Sounds simple doesn't it?!  I just needed a design.  I hoped to make something a little out of the ordinary.  I've always been a lover of tropical places, of course the sunshine helps but the riot of colours in their flora and fauna is a major attraction.  I discussed my ideas with my lovely friend Sarah whilst on holiday in Spain.  She is also a cake-maker, owner of the Little English Cake Company, based in the Murcia region of Spain. Strangely we became friends before either of us were cake makers. I really valued her opinion.  We decided, over a bottle of vino, that such vivid flowers needed a simple cake to show them off.  And so I started sketching, with this being my final sketch.  I always find it interesting how close an actual cake is to the initial sketch.  Sometimes it's nothing like it as I change my plans and the design evolves along the way.  But this one is remarkably close.

Not having a clue how to make these flowers, I bought Alan Dunn's book "Tropical and Exotic Flowers for Cakes".  This book is a wonderful guide to making these very specialist flowers, however I think it's fair to say you need to have some experience of making sugar flowers before embarking on these.  I am so glad I invested in this book.  I had the pleasure of talking to Alan Dunn himself about my cake during the exhibition. 

Having convinced myself I might actually be able to do this.  I ordered all the supplies I needed.  I actually felt a bit excited when everything arrived and I unpacked the boxes.  I had the dummy cakes, loads of flowerpaste, a ton of sugarpaste, all the wires and tapes, and just about every shade of petal dust known to mankind! 

So with six weeks to go, I started making leaves and petals, hundreds of them!  I didn't have any specialist cutters so they were all hand-cut from paper templates I made.  Because I was doing a little bit here and there....after all I had weeks to go :)  ....this seemed to take forever!

In fact, at the outset I decided to record exactly how many hours this cake would take me to make.  I am confident that this is a design that will appeal to many brides-to-be.   Therefore I thought it would be useful to know how many hours it took in order to quote for it in the future.  Fortunately, now that I have done it once, it won't take so long next time.  Would anyone like to guess how many hours this took from start to finish?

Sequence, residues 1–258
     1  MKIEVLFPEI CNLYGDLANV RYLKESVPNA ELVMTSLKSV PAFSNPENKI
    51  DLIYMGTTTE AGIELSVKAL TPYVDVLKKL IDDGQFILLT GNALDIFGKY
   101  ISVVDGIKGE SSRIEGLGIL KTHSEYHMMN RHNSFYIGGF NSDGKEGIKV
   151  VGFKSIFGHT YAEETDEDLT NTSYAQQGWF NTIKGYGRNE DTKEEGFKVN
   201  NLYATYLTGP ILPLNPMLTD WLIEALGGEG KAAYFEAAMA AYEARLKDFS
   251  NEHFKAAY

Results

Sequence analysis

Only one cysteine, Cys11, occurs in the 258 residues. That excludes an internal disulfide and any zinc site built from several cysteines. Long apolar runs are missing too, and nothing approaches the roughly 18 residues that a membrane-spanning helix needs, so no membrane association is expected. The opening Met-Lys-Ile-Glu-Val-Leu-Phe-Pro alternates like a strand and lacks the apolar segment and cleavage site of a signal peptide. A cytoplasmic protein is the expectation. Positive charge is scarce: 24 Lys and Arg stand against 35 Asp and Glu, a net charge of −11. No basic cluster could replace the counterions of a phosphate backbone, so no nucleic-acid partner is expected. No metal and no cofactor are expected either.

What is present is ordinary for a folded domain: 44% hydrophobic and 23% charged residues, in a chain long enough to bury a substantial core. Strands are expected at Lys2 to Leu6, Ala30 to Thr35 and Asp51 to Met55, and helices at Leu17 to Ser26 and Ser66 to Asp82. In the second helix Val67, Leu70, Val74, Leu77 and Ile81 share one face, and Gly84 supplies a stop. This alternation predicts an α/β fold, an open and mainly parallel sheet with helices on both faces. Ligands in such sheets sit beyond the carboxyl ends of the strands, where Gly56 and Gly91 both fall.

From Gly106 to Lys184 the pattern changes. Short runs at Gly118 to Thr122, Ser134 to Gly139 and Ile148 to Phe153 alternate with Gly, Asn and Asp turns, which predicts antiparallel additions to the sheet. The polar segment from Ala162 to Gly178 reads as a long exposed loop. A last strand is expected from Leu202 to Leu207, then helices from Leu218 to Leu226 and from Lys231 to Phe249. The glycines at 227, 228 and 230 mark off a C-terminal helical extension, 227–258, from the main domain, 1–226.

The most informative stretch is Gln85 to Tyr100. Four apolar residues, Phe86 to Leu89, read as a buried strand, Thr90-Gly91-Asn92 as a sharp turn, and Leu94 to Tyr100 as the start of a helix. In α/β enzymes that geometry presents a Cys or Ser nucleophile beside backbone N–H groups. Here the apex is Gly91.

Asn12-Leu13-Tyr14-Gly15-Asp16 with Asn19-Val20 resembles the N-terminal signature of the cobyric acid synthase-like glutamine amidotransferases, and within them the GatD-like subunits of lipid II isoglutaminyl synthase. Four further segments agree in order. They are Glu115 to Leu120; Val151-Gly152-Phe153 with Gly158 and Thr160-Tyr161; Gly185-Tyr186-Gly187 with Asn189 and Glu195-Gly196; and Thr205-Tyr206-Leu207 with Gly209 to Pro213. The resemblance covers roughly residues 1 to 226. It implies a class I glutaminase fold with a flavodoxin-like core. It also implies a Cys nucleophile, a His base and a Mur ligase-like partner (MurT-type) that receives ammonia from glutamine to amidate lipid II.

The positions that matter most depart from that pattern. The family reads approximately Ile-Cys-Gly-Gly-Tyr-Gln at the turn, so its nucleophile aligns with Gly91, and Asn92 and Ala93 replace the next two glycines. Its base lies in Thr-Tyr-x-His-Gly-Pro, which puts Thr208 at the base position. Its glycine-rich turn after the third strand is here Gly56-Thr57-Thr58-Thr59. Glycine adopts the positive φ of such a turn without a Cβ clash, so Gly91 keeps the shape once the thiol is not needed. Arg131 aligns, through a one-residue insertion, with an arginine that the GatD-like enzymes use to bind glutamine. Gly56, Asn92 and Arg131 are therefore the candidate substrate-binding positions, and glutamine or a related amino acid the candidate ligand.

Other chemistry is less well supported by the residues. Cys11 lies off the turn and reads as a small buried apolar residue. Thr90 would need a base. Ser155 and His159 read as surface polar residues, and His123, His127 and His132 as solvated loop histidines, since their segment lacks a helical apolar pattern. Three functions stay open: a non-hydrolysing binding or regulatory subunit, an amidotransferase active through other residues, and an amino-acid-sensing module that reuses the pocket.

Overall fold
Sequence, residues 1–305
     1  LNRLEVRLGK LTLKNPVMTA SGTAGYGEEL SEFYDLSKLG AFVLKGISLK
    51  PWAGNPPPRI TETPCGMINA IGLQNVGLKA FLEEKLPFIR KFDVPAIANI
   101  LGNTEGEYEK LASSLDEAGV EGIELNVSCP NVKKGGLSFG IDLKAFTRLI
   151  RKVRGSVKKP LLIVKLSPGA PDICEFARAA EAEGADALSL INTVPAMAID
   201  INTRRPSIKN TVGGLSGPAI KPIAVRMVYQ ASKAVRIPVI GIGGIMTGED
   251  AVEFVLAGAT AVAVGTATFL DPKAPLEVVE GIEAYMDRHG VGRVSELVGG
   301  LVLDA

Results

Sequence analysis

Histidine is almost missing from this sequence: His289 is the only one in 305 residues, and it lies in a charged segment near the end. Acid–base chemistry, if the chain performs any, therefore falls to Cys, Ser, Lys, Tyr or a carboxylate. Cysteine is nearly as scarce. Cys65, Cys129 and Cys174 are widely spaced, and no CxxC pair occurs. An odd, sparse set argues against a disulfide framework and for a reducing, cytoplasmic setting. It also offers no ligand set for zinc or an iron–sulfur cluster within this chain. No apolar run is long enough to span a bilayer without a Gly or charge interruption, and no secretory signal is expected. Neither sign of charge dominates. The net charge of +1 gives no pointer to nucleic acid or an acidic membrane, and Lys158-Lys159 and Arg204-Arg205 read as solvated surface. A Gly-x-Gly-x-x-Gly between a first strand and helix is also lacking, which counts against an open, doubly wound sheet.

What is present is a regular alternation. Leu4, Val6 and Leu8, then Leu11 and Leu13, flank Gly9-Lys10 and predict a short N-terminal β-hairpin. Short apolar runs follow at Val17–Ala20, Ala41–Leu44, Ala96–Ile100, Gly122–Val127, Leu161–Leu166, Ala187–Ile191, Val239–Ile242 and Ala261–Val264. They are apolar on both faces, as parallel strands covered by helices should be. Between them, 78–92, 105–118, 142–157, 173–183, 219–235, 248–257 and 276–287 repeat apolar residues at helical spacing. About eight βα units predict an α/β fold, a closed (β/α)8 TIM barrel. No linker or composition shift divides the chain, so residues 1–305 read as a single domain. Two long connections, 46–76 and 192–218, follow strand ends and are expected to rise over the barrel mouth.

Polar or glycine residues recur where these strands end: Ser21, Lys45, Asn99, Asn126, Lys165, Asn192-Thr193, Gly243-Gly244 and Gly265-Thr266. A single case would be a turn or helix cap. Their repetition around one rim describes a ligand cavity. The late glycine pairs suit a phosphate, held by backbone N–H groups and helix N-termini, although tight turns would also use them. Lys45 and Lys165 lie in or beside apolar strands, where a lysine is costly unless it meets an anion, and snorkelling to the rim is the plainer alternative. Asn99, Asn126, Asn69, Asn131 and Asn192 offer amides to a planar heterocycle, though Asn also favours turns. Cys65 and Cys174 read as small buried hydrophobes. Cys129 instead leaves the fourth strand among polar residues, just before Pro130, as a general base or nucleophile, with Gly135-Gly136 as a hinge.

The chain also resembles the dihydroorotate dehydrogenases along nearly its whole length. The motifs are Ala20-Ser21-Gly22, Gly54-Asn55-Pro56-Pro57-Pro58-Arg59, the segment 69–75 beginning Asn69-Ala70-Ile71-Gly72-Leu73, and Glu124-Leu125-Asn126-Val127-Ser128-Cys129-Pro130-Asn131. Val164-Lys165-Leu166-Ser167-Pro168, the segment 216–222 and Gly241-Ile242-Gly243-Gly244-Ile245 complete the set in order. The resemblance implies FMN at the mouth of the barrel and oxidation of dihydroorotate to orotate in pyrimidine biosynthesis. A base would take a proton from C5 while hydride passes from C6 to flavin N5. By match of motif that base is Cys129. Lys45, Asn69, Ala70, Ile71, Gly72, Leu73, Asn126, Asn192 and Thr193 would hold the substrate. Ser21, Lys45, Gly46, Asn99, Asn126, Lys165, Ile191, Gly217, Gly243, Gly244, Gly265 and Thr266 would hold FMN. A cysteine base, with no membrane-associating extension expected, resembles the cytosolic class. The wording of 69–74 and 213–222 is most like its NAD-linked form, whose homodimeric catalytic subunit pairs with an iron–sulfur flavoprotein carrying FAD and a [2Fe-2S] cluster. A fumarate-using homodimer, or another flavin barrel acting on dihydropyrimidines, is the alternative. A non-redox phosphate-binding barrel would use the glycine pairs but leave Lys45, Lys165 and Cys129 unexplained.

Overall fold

With the petals all made and dried, the messy part began, dusting all the petals and leaves with petal dust to turn them into all their beautiful colours.  Every day my hands would end up a different colour, prompting me to try and keep my hands in my pockets at school pick up time. The deep, deep pink of the Cordyline leaves produced the worst staining to my hands and my work surface.  (I hear you, but I just can't do this delicate work with gloves on.)  After dusting each piece, it then has to be steamed to set the colour.

Everything was going swimmingly, and then for some reason, with three weeks to go, I had a major 'wobble' ....confidence seeping out of every pore!  On this occasion it took a few very wise words from Sarah in Spain to get me back on track, coupled with constant words of encouragement from the ever supportive lovelies known as Joanne, Sophie and Ellie.  I realised just how lucky I am to have friends that always know the right thing to say. 

As if self-doubt wasn't enough, I have this terrible 'trait' of being able to produce my best work whilst careering towards the time's up buffer.  I really wish it wasn't this way, it's just so stressful!  So in my final week I knuckled down, put in three full 8-hour days to get it finished.  I had amassed a huge number of leaves and petals and set about assembling all the flowers, the branches of leaves and strings of berries and buds.  The final day was spent making the bouquets and assembling the cake.